The assignment we had in San Diego was the Entrepreneurs’ Organization’s Global Leadership Conference. Members from all around the world were sent by their regional chapters to attend workshops at this conference so they can learn how to expand their chapter. There were a few members of the China chapter that required interpretation, but they were in different workshops. Originally, the organizers wanted my booth partner and I to interpret separately, but we refused. Simultaneous interpretation requires us to rotate every 15-20 mins or else our brains would overload. So the organizers said we would be assigned to the workshops with the most Chinese listeners and a few of the Chinese-speaking staff members would interpret at the other workshops. I was skeptical this would work for them, but I couldn’t argue.

The material of this conference was much more straight-forward and everyday than the Berkshire material. But conference lasted two days and we were pretty exhausted by the end. We also had to deal with using portable equipment, having a hard time hearing the source, and having to interpret in noisy environments. We also experienced a speaker who spoke extremely fast and politely refused to slow down when we asked him to. At the end of the conference, the Chinese-speaking staff members that were interpreting at the other workshops came up to us and told us they didn’t realize simultaneous interpretation was this difficult until they had experienced it for themselves. I had to explain to them the rigorous graduate school training we had to complete in order to enter the field and also had to dispel the popular misconception that any bilingual individual would be able to interpret.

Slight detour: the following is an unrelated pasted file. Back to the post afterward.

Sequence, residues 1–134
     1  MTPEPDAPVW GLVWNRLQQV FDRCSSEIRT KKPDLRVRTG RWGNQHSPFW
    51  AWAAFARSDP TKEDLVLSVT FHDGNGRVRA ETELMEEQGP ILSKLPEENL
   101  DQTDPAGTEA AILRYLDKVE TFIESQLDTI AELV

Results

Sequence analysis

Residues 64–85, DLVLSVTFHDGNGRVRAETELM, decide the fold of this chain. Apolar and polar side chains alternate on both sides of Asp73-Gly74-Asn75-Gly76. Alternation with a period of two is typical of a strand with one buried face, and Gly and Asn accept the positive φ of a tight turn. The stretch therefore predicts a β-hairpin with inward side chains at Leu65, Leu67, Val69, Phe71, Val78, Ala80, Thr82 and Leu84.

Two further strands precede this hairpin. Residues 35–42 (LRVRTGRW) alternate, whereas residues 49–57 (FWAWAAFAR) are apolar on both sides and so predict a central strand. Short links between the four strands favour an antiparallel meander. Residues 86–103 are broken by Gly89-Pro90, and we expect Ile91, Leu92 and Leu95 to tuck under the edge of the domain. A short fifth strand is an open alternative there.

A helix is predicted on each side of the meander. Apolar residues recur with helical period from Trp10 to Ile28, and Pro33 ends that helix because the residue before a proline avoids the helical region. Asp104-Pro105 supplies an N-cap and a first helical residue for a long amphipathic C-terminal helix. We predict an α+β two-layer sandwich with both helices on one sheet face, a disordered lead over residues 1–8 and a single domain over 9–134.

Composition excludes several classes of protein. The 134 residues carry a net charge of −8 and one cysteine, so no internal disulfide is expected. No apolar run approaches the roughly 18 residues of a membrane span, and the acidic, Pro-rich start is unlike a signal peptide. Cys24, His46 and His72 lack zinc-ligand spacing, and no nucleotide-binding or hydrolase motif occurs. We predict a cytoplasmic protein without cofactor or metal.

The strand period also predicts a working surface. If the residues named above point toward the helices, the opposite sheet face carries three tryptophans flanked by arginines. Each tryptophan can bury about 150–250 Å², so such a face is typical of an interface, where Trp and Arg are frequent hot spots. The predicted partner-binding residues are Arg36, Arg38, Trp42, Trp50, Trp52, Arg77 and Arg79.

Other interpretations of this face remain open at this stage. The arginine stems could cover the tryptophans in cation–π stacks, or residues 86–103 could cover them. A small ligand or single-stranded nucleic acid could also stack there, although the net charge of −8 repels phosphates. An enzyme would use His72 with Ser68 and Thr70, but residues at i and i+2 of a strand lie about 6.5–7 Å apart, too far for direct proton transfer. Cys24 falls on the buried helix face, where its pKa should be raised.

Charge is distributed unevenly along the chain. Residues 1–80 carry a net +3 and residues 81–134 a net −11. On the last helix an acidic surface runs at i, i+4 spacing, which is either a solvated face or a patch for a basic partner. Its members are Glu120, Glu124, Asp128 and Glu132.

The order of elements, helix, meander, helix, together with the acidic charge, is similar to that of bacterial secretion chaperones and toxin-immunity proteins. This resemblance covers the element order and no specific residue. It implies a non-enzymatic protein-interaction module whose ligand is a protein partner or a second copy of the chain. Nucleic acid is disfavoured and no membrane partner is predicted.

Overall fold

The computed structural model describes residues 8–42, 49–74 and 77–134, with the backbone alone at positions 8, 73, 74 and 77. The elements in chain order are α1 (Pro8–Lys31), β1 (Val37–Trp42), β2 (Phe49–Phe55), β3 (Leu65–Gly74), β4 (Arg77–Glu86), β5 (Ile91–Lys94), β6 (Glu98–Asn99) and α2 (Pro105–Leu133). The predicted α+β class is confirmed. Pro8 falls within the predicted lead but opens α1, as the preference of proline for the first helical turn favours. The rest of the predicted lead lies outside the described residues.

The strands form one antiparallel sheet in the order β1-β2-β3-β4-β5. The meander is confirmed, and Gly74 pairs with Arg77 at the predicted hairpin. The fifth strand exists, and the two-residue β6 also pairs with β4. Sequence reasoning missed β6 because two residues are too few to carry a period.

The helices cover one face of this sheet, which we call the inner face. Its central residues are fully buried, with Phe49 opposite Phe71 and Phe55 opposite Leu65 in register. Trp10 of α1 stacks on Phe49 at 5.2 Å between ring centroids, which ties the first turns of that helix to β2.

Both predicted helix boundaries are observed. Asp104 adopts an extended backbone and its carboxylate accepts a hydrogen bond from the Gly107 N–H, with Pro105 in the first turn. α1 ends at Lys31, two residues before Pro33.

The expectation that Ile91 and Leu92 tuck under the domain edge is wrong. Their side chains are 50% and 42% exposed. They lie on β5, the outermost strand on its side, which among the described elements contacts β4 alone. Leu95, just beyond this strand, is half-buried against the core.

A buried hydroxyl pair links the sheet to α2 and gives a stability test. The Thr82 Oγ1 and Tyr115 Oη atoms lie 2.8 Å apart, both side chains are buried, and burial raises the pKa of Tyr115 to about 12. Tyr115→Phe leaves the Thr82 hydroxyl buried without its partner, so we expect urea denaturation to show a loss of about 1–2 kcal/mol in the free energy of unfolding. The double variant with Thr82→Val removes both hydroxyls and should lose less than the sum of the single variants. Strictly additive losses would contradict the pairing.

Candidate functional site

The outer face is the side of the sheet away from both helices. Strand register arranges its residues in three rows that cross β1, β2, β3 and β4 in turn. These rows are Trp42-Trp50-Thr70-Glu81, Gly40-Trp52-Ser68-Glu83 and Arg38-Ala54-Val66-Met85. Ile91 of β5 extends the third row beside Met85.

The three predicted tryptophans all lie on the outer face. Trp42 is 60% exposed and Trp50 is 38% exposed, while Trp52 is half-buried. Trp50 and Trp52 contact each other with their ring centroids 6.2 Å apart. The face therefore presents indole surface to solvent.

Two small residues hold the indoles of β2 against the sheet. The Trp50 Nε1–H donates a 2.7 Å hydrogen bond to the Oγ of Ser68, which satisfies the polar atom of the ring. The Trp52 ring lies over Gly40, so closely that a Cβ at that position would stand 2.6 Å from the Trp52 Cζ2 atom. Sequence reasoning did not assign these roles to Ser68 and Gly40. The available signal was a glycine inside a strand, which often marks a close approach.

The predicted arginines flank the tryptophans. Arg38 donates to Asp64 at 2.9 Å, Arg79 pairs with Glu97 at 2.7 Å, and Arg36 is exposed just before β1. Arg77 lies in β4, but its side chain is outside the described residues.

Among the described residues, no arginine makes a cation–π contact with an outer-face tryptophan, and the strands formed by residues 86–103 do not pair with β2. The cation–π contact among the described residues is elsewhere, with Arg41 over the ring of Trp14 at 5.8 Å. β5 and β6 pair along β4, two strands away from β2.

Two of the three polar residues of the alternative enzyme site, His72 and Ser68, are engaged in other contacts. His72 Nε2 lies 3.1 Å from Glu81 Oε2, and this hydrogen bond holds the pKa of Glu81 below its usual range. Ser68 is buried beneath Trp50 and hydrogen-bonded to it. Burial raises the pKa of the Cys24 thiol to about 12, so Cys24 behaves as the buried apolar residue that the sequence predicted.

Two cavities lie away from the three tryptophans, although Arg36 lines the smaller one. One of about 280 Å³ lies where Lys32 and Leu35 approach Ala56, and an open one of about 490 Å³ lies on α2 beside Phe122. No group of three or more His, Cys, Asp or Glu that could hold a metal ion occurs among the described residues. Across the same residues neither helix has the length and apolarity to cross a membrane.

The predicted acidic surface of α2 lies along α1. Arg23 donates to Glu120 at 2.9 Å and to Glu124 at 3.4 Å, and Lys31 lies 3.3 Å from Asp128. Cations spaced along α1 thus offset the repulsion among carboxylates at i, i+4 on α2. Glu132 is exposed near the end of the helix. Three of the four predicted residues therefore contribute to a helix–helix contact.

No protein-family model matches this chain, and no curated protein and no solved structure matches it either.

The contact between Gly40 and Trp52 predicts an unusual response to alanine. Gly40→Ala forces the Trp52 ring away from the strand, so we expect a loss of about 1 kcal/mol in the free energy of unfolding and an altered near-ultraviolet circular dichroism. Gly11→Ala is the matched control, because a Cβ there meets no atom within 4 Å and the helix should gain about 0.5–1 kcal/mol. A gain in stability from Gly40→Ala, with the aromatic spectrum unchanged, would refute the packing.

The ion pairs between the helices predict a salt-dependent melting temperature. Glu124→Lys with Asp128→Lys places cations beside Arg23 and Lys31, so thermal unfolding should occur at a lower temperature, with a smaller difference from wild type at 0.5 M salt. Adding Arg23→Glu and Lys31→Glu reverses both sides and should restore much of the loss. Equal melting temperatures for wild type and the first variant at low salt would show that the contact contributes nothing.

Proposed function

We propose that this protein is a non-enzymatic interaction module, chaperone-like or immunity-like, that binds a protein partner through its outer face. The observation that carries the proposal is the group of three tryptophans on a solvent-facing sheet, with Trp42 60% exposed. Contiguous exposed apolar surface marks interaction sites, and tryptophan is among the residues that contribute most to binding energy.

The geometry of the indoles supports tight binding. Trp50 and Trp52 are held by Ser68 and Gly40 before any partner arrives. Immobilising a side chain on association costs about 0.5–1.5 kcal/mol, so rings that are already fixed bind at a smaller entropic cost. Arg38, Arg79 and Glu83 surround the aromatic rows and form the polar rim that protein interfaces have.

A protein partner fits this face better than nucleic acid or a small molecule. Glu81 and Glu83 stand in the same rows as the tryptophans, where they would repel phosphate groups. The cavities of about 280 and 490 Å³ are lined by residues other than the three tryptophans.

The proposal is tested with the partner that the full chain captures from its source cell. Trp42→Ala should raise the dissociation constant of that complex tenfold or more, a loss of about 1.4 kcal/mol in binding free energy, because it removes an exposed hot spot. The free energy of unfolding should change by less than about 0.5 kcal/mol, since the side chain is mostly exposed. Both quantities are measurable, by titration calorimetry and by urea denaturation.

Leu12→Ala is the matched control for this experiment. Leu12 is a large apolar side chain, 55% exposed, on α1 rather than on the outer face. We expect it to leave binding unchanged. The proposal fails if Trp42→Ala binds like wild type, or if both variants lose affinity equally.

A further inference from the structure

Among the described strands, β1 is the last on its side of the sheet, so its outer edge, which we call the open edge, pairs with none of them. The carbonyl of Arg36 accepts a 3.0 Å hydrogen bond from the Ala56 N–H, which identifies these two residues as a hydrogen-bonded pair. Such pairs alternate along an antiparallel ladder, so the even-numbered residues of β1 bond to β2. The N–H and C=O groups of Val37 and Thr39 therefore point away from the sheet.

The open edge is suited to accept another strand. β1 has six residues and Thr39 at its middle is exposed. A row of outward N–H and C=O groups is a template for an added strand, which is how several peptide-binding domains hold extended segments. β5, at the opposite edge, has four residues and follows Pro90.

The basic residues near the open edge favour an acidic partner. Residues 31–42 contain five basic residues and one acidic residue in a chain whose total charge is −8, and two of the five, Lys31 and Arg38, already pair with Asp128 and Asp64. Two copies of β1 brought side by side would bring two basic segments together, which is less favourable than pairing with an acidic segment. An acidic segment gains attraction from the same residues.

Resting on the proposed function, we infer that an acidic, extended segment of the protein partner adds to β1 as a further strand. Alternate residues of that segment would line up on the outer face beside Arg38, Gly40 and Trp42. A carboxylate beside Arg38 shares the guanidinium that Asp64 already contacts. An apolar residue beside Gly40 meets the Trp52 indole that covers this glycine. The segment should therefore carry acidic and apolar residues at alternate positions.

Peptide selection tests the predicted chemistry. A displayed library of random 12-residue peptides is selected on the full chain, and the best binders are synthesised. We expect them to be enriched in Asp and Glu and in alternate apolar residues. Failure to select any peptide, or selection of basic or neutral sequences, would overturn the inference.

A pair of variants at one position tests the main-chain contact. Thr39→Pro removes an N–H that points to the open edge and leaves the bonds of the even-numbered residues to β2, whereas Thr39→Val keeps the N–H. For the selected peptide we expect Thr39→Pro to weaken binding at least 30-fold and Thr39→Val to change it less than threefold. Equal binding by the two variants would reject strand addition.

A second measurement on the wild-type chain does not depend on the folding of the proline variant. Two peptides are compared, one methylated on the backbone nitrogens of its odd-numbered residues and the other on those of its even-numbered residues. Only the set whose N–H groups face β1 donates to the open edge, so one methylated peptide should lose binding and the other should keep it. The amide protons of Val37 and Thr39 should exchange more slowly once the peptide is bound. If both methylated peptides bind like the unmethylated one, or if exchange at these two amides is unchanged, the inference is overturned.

interpret_2_2jpgI personally felt that was one of the biggest achievements of the conference. Whenever we help clients realize that interpretation is truly a specialized profession and that we do more than just language conversion, we are helping the world to better understand what we do. And when clients better understand the services we provide, the more likely it is that interpreters will receive the treatment and compensation we deserve.